Friday, 15 July 2011
The Work of the People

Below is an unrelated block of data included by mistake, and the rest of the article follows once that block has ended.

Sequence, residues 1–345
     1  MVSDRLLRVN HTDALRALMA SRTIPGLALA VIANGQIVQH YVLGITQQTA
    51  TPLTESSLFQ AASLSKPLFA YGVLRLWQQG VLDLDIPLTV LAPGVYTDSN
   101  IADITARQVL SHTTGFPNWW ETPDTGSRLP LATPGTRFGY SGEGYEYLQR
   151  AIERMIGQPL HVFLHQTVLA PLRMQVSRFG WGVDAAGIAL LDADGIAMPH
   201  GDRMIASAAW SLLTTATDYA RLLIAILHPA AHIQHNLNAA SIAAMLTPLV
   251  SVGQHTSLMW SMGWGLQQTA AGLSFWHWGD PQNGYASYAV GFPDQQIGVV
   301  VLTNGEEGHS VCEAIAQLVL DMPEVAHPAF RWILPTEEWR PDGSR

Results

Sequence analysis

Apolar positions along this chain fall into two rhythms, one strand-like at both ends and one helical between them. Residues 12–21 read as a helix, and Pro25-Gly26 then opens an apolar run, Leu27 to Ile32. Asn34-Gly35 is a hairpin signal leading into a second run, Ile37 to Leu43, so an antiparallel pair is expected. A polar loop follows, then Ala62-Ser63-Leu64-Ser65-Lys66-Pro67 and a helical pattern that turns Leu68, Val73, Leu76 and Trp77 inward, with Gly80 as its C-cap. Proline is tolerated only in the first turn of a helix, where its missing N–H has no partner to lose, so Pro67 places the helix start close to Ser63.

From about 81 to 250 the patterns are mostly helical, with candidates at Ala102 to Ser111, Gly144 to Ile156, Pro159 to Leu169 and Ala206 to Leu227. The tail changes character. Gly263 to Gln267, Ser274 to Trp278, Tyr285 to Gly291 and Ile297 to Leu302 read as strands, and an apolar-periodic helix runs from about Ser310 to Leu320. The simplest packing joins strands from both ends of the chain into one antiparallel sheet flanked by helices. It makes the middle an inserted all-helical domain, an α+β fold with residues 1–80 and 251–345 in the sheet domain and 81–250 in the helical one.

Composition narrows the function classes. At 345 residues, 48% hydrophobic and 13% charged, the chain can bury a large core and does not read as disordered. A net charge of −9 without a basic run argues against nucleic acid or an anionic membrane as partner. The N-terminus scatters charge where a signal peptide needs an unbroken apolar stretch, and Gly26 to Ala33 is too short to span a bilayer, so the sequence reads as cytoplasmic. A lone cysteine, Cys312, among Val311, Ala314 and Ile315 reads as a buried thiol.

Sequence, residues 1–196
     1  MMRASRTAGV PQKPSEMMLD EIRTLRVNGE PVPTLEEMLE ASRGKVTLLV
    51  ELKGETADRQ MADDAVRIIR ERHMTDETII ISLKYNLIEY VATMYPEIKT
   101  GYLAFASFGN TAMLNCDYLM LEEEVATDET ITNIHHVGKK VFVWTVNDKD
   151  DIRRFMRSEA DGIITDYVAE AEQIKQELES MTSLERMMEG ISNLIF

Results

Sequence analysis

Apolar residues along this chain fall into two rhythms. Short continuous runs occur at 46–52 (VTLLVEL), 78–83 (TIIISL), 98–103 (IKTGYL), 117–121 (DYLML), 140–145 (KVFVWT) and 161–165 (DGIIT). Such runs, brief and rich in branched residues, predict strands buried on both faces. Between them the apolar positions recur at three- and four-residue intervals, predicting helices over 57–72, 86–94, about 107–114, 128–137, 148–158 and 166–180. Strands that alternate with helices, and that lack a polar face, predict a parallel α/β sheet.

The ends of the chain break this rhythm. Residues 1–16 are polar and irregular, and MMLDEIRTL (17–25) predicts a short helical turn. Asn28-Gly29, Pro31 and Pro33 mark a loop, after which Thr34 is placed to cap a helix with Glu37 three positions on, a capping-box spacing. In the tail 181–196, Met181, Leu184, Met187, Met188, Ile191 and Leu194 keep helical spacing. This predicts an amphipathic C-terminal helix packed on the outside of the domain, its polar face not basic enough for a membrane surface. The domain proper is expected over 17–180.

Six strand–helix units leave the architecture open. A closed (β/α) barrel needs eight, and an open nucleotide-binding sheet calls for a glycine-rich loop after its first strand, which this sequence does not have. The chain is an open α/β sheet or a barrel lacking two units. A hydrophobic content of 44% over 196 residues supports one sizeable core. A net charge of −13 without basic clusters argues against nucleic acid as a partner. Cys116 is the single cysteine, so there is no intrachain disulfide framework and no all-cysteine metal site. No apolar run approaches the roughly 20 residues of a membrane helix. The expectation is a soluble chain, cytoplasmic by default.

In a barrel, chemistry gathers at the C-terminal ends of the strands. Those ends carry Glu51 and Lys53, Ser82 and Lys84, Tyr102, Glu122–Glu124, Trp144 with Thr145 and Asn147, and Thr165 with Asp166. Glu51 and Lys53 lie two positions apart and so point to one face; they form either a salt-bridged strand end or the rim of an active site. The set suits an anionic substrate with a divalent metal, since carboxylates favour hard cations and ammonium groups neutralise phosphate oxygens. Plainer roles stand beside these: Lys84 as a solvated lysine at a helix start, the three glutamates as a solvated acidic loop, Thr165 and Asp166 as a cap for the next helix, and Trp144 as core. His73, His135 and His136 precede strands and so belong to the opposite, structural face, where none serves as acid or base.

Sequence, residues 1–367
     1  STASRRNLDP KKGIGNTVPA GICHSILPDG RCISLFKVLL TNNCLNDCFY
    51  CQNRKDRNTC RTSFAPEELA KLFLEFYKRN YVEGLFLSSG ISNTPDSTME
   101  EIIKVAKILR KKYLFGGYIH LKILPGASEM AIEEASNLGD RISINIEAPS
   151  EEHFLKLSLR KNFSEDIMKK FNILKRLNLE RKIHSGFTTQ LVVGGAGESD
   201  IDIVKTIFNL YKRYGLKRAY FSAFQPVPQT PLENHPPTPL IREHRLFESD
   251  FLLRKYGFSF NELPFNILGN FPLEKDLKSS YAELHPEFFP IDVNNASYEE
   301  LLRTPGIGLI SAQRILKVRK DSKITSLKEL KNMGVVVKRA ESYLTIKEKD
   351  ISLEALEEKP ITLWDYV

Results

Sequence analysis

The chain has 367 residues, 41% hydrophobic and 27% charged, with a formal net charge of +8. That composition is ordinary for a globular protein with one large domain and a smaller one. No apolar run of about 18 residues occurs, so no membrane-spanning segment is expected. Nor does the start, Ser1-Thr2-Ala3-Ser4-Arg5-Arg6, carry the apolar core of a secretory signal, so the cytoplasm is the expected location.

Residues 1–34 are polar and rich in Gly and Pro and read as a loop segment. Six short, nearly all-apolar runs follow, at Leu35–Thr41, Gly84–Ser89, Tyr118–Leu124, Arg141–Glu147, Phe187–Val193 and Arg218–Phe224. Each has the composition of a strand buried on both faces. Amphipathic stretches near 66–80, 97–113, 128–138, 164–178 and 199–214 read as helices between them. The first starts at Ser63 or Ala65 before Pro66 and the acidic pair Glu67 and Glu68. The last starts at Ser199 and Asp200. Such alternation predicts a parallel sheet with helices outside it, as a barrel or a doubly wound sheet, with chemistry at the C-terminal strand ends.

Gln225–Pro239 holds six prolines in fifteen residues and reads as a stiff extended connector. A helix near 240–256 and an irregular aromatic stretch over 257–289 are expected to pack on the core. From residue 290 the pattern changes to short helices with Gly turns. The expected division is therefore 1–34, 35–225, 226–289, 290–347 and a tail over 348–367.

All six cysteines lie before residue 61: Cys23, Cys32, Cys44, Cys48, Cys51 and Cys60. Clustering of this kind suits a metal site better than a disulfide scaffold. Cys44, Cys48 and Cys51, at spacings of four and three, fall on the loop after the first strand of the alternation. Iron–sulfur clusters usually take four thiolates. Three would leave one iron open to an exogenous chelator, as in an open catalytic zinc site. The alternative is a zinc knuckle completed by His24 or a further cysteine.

As someone who ventures occasionally to call themselves a liturgist I have repeatedly used the term 'work of the people' in countless essays and conversations over the last few years. This afternoon I led a funeral for a lovely family whose mum had died aged 52. Funeral liturgy in the modern world is a minefield, balancing between being clear and intelligible and culturally apt and maintaining the theological meaning and integrity of the event. On more than one occasion I have taken funerals which felt more like the work of the clergy and the spectating of the family and friends. Some of that is my own fault, I'm still learning, but some of it has to do with a lack of confidence amongst the populace at large to express themselves in a faith context. I'm not going into that now - I just wanted to say this afternoon that I've just been part of a funeral that was the work of the people in every sense. Beautiful and dignified, but honest and modern in the church, then boots on and shovels out at the graveside with spontaneous stories, prayers and singing, before grave all filled we shared the final blessing. I love it when real people teach me how liturgy works.